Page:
How much do you think the MS stores will make?



    i'm sure just the very idiotic idea of the store has cost microsoft -350 millions



    keep up the good work, ballmer
  • Reply 4 of 54
    Quote:
    Originally Posted by AppleInsider View Post


    The company's COO, Tim Cook, revealed in a company earnings report in July that education sales have lagged as the recession has impacted school funding.



    "The U.S. K-12 institutional business is weak," Cook said. "As you might expect, and it?s getting hit by budget shortfalls, ......



    Yeah, Tim, instead of asking for government handouts (which is, after all, our $$!), how about giving the schools and back-to-school parents a REALLY major one-time price break (instead of just an iPod Touch)?
  • Reply 5 of 54
    Quote:
    Originally Posted by anantksundaram View Post


    Yeah, Tim, instead of asking for government handouts (which is, after all, our $$!), how about giving the schools and back-to-school parents a REALLY major one-time price break (instead of just an iPod Touch)?



    Well I'd certainly rather have them use my tax money for Macs than use it for old vehicles that run fine but get a few MPG less than current ones and then run salt water through the engine to kill it and then put it in a landfill.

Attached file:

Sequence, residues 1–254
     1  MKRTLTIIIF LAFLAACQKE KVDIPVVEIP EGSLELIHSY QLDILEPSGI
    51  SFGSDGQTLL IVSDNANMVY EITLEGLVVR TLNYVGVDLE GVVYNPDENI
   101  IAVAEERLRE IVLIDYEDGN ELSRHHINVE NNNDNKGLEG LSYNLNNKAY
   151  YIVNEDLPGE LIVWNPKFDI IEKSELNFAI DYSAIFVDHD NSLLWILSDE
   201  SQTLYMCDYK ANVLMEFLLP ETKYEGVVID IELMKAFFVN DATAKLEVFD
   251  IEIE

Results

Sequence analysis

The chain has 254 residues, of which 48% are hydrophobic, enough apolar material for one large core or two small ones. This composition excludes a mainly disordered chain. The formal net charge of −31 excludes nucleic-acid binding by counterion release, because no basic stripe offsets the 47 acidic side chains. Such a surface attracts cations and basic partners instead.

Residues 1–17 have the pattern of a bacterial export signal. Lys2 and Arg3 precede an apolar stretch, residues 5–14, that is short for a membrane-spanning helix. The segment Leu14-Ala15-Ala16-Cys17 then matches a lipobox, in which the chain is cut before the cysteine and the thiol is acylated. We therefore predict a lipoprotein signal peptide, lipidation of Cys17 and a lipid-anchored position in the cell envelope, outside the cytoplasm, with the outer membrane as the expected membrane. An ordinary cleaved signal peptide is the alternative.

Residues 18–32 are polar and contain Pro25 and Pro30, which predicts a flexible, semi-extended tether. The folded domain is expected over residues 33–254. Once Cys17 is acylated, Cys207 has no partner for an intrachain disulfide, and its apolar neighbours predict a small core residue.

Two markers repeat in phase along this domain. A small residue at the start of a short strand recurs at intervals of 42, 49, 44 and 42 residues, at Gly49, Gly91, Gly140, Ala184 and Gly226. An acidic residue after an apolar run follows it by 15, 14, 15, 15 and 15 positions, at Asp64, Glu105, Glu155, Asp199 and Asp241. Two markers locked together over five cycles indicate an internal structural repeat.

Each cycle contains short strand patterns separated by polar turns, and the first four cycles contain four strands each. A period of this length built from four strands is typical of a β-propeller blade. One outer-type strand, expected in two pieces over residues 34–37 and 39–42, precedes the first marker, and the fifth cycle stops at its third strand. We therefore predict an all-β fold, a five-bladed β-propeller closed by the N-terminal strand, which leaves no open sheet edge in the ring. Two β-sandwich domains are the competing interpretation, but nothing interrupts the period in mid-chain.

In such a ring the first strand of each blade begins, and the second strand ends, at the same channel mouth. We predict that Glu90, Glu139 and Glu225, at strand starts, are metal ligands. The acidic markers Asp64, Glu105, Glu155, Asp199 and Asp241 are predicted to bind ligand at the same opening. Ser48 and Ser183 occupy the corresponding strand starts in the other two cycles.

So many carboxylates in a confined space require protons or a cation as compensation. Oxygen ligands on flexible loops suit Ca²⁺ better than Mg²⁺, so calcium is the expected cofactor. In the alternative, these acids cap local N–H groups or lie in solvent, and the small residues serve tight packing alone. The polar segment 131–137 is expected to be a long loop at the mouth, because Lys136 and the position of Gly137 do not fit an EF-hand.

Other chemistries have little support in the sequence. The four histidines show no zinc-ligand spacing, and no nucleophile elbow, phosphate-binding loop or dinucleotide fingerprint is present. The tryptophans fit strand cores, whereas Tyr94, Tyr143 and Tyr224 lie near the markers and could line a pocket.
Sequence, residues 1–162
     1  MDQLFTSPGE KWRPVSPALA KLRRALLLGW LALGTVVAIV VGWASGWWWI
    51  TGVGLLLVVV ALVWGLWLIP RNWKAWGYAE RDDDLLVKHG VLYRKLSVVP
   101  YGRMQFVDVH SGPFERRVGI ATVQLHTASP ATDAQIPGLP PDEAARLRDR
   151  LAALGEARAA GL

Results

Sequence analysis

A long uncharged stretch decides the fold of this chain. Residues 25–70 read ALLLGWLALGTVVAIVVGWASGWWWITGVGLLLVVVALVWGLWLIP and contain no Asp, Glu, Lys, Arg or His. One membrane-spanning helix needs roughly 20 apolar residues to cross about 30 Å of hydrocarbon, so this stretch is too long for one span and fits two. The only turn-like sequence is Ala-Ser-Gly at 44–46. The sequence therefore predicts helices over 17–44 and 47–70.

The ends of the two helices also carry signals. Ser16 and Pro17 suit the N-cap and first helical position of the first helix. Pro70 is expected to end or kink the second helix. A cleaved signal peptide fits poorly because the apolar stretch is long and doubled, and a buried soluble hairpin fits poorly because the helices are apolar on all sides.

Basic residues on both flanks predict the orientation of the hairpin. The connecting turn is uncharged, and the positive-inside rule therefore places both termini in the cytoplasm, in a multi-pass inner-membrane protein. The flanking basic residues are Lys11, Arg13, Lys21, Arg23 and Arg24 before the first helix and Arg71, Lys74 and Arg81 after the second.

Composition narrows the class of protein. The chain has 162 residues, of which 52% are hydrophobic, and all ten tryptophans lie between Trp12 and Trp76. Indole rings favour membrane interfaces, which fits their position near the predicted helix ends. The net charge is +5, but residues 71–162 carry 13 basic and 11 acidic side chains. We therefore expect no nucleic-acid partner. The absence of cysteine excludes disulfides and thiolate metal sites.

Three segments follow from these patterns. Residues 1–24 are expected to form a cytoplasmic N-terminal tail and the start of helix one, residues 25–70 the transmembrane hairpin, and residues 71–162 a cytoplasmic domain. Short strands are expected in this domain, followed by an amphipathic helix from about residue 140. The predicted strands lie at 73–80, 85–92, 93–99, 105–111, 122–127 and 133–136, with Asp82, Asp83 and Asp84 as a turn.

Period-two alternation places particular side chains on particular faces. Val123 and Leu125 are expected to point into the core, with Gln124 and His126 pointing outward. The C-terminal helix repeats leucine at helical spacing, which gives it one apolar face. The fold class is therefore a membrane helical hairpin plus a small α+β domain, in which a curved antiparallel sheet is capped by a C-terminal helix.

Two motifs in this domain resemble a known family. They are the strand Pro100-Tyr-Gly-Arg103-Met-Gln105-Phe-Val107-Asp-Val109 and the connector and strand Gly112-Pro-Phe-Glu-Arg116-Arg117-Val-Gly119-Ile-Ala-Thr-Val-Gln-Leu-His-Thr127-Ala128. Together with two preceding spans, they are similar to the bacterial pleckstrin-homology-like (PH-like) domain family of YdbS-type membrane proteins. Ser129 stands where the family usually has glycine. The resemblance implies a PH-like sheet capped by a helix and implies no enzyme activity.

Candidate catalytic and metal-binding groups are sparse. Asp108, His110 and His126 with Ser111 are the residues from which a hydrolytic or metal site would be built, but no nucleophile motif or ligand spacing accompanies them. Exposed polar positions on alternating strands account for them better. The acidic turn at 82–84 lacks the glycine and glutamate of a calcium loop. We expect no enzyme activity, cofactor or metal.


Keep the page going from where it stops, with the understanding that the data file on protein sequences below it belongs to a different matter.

• Reply 6 of 54
    Quote:
    Originally Posted by bigmc6000 View Post


    Well I'd certainly rather have them use my tax money for Macs than use it for old vehicles that run fine but get a few MPG less than current ones and then run salt water through the engine to kill it and then put it in a landfill.



    I'd rather have neither!
  • Reply 7 of 54
    Every time I've been to the 5th Ave Apple Store I can't even get in the door. There is usually a line unless it's the middle of the night! My Apple Store in the Garden State Plaza is usually packed all day.
  • Reply 8 of 54
    Quote:
    Originally Posted by anantksundaram View Post


    I'd rather have neither!



    Well yeah, I'll go w/ ya on that one.



    I wonder what we could do w/ all that money spent on lobbying - in 2008 over 3.3 BILLION was spent to lobbying - I'd imagine the states could find good things to do w/ $66 million a piece...
  • Reply 9 of 54
    I'd just love to see one of Microsoft's stores right next to THIS Apple location. If they want to compete head to head, let's see them play in THIS league.
  • Reply 10 of 54
    gqbgqb Posts: 1,934member
    Quote:
    Originally Posted by anantksundaram View Post


    Yeah, Tim, instead of asking for government handouts (which is, after all, our $$!), how about giving the schools and back-to-school parents a REALLY major one-time price break (instead of just an iPod Touch)?



    Ah... time for the "I did it all myself" Randians to raise their heads again.